Perhaps it’s mean-spirited, but I truly wish that everyone could suffer from mental illness. Well, for the most part, that statement isn’t entirely accurate, but there are days, or even single moments where I wholeheartedly wish for it. I’ve touched on this subject several times before, but I felt (for some reason or other) like it needed revisiting. Mental illness is, by and large, invisible. Sure, its effects can be as plain as day, but it’s not like jaundice or chicken pox. It gets even worse when its sufferer is intelligent, and capable of “maintaining” for some length of time. At least, believing that he (or she) is maintaining. It’s not always obvious what is wrong, and there are many people who are terrified of admitting that they suffer, for fear of retribution due to the stigma of mental irregularities. Sometimes I wish that I had never learned any coping mechanisms (effectiveness and results may vary), so that I could not force myself to hide behind the curtain of normality. For all the progress we have made in erasing the myths of mental illness, we are not so very far removed from the world in which my father lived (the father who suffers from a depression so severe that he could not bring himself to open the letter which I sent him, relying instead upon his brother, who was back for a visit from Japan).
I honestly believe that the only reason that what little progress has been made came only after Big Pharma realized that they could make a profit off of inner demons and melancholia. I remember, twenty years ago, when Prozac was the Next Big Thing. My family practitioner diagnosed me as “Manic Depressive” (yet more evidence of how old I am), and was eager (a little overly so, in my opinion) to get me going on this new class of crazy pills. As I was a minor at the time, and suffering from a contentious relationship with my mother, I am grateful that I had second thoughts. Can’t say why, but I felt this cold chill in the pit of my stomach at the very thought of those pills, and graciously declined (as graciously as any teenaged Caucasian male is able). A year later, I did decided to try Prozac (just one pill), and suffered immediately from auditory hallucinations and a sense of dread. A year after that, I gave Wellbutrin a try. When I was in the hospital, they taught us that depression is just rage turned inwards (psychologically- biologically it is something else entirely). Wellbutrin took my depression away, but left me with an overabundance of rage (directed in each and every direction).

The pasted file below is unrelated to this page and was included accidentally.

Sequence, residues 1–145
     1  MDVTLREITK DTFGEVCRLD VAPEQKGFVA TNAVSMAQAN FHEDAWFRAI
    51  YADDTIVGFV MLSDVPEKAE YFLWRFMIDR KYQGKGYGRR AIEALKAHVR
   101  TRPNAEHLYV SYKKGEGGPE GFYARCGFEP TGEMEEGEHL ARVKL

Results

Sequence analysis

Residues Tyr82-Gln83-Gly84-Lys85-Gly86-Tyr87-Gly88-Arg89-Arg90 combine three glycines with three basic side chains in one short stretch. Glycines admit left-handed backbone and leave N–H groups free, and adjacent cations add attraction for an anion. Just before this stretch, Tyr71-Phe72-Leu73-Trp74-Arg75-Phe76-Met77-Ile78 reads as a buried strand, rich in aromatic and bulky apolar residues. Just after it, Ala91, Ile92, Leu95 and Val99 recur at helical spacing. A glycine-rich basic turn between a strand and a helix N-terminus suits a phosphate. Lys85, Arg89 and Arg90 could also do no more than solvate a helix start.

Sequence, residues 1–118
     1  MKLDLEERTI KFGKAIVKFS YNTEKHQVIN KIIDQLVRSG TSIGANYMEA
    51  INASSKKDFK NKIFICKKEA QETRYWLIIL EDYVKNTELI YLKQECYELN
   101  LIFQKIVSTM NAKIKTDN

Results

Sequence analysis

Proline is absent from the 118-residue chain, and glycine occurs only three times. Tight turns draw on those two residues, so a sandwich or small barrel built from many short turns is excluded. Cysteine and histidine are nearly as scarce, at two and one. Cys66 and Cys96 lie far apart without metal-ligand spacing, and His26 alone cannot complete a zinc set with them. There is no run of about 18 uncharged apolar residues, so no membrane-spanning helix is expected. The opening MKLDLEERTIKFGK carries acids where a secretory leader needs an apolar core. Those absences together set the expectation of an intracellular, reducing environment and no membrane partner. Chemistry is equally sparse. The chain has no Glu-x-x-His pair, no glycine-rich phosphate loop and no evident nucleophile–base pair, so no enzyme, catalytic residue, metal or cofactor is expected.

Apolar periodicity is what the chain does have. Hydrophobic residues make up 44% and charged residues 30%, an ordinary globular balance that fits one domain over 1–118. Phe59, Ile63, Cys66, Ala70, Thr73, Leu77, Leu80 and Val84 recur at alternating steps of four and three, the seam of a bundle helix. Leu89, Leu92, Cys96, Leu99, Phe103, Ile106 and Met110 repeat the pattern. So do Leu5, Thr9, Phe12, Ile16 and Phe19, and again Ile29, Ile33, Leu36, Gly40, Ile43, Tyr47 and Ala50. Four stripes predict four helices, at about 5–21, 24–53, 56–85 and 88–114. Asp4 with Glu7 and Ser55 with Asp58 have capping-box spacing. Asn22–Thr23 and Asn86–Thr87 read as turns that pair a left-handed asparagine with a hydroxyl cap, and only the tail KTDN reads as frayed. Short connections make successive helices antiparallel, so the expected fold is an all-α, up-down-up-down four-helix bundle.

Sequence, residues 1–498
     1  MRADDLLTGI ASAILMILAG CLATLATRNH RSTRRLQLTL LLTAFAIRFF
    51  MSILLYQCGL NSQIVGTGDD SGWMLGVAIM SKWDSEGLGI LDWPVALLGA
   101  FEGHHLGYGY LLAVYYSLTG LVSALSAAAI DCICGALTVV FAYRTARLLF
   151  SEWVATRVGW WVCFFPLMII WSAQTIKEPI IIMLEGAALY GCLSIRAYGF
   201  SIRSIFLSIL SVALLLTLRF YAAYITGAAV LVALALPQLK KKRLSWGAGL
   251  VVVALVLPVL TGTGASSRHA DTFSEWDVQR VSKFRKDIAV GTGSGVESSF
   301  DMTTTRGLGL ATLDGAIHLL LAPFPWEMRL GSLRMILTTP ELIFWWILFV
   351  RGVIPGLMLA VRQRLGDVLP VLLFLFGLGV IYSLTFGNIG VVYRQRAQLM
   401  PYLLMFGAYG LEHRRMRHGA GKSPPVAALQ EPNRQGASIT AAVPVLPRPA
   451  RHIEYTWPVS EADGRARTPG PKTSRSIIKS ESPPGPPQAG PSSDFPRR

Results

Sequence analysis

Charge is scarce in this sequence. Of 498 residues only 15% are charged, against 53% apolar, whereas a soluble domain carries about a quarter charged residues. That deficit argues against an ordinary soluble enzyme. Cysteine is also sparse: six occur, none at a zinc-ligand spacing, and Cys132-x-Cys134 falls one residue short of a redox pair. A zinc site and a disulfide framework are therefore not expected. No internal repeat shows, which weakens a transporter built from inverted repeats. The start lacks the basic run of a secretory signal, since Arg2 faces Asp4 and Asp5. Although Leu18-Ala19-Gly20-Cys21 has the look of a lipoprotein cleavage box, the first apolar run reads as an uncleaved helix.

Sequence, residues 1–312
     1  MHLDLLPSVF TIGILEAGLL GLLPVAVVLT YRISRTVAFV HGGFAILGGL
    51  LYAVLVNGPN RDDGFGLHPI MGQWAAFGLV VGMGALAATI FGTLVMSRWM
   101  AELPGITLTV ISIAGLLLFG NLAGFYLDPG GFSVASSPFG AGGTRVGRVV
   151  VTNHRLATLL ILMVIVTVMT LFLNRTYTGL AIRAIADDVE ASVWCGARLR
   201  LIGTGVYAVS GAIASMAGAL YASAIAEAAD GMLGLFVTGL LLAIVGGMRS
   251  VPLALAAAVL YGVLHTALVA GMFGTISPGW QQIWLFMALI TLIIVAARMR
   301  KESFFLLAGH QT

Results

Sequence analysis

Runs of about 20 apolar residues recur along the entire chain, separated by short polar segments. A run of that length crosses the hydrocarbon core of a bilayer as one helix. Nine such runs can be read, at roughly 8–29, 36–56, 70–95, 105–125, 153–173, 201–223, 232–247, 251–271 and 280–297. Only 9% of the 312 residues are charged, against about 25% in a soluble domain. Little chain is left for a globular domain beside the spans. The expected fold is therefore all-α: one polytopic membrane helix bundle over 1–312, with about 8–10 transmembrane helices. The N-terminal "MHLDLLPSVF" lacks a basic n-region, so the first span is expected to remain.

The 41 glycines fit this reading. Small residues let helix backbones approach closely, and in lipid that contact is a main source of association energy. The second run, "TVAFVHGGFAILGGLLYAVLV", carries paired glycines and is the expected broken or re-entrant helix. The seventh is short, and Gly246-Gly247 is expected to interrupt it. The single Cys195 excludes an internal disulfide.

It wasn’t until my hospitalization that someone decided to try Lithium. You know, the medicine prescribed for well over a century. The element. The drug off of which there is no money to be made. If I’d had the money back then, I might have been able to afford to stay on it. But, you see, it wasn’t the prescription which I could not afford, but the blood draws which were required to ensure that the levels in my system remained below toxicity. A few years later, I managed to get another prescription, but lost my insurance too soon to be able to continue. That was in 2004.
Since then, no matter where I’ve gone, or to whom I’ve spoken, I cannot seem to get the one thing which has ever been effective. Either I get brushed off all together, or the doctor insists on trying out all manner of medications which I know (with a growing level of experience) are only going to mess me up far more. No one seems to want to hear that Lithium actually works for me. Sure, I feel exhausted all the time (nothing out of the ordinary these days), and wrapped in a numbing insulation, but I also do feel safe from the pendulum’s swings. It also stifles my creative instincts, which would be unacceptable if the preponderance of my income came from writing, but is tolerable if I have to deal with other people. Not that it actually matters: there are no drug rep kickbacks for a freaking element.
So no wonder that so many people have turned towards self-medication. When you can’t get help from medical professionals, you look to squelch the pain in any manner you are able. Some turn to drink, other to pills, and others to any other number of substances. When the illness exists, for all intents and purposes, in one’s own head, it’s impossible to accurately convey the struggle to someone who doesn’t understand. And then are some people who have it easier than others, or have had better luck in dealing with their own private demons. Hell, I’ve been extremely fortunate myself, as I’ve been able to pass for “normal” for the majority of my life by merely accepting the mantle of “asshole.”
It had been my intention of seeking out medical help tomorrow, to enlist the aid of those who are able, to assist me in fighting my own particular demons. Don’t really see the point now. Everything repeats and falls victim to entropy, and there’s not much point in fighting it anymore. Exhaustion has set in, and apathy is ever-present. I’m just tired of fighting, you know? Better to just throw in my hat, and let everyone have their laugh. I guess I should have finished up Hiraeth, but it’s kind of epic where it’s at.
Don’t know where the night will take me, but if I see you all on the other side, so be it.